by Staff Correspondent
Since last week some of the fastest capacity growth has been observed since January 2020, we could not really have expected this week to be as strong, and it proved to be the case with global capacity increasing by some 460,000 or 0.7% with a real mixed bag of changes both at regional and country level. There is no consistency in the data we see from week to week and that may also be reflected in the consistency of decision making by regulators around the world; are the two linked we wonder.
For the month of June in total airlines scaled back capacity with some 6.7 million more seats being removed and for those carriers brave enough to look into July a further 10 million seats were removed. The indications are now that this summer season will not provide the necessary cash that airlines have been hoping for and the consequences of that for the winter season will suppress any recovery even further. If capacity can recover, clarity of messaging from regulators can be forthcoming (we can but hope for a miracle) and demand responds like never before then maybe just maybe we late July/August could be OK, but the outlook is bleaker by the day.
This week as a bonus for our patrons we have added a comparison against the same week in June 2019. Comparison against January 2020 remains relevant but equally looking at what was the capacity position in what should be one of the busiest weeks of the year is perhaps a little more relevant; although slightly more depressing.
At 68.3 million seats this week, global capacity remains some 36% below pre-pandemic levels, and 41% below the same week in 2019 when a staggering 115 million seats were on offer – highlighting how much work still needs to be done. Seven regional markets remain at less than half of their June’19 level with SouthEast Asia at -66% and Western Europe at -64% competing for the title that no region wants to have.
Off the back of another 1 million seats being added week on week, North America is now the largest regional market in the world ably assisted by North East Asia dropping one million seats over the same seven day period. That linkage between Covid-19 spikes and capacity can clearly be seen in two regional markets this week, the Southwest Pacific where Melbourne and the state of Victoria are once again locked down and in South East Asia where Malaysia is again suffering. Slightly more positively, it has been a good week for all of the four regional America’s markets with capacity growing across them all this week, Lower South America and therefore principally Brazil leading the way.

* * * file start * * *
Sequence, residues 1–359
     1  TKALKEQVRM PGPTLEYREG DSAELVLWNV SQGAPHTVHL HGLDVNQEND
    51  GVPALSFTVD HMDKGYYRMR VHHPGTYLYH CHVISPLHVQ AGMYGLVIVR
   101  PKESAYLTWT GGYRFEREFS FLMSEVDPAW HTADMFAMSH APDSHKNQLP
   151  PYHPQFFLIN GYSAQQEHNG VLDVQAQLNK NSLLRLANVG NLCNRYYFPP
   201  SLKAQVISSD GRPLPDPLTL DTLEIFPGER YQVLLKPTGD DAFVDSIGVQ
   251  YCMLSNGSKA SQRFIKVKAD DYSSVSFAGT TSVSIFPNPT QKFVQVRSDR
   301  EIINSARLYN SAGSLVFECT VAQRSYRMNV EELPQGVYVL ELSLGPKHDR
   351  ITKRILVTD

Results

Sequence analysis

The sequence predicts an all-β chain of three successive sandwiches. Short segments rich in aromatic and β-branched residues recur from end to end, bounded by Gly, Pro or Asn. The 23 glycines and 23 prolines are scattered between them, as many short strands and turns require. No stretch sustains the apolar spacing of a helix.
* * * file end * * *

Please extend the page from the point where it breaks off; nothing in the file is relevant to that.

The United States having taken the title as the largest country market last week clearly has no intention of being caught quickly. Another one million seats week on week and a reduction in capacity in China of some 800,000 gives the United States, a near 20% lead over its nearest competitor as the locally based carriers continue to build capacity to the leisure destinations. Taking Florida alone, the state will see some 2.2 million departing seats, that would rank fourth in the list of top twenty countries!
Sadly, in the UK our traffic lights broke down this week and we no longer really know what is red, amber or green but since most travellers have developed a strange case of colour blindness and the classic file “Carry of Regardless” plays to packed audiences, who cares anymore! Current capacity is at less than 20% of the 2019 levels and could fall further next week, given the high levels of vaccine administered it’s no wonder that airline and airport trade associations are now getting angry…too late the cry I fear!
Vietnam is the largest capacity loser across the top twenty markets from a percentage perspective with a 19% drop in capacity; at some 703,000 seats a week the country is now at 45% of its pre-pandemic levels. Other countries that have had a bad week for capacity reductions include Australia where a bubble burst and the UAE and UK where more modest reductions were seen.
All four major US based carriers added capacity week on week resulting in no changes in the global ranking. American Airlines now have marginally more capacity than at the beginning of the pandemic although they remain some 10% adrift of the June 2019 levels. Indeed, only two carriers are within single percentage digit of their 2019 capacity; China Eastern and Air China whilst the third largest carrier China Southern are further behind with just 80% of June 19 levels reflective of their larger traditional international network.
More telling perhaps than the list of top airlines is the list of those that are still struggling to relaunch services. Air Canada and British Airways are both currently operating at least one million fewer seats than they were in June 2019, Air Asia currently plan to operate around 12,000 seats this week compared to 862,000 two years earlier and easyJet are planning on just 468,000 seats over the next seven days compared to 2.2 million in 2019.
The next week is probably the last seven days to save the summer with the leaders of the G7 meeting in Cornwall of all places to discuss lots of interesting subjects including championing free and fair trade. Apparently, Boris and Joe have agreed to a meeting with the major transatlantic carriers and some selected airports, we have to hope that they are taking that meeting as part of a co-ordinated public relations plan before announcing an easing of travel restrictions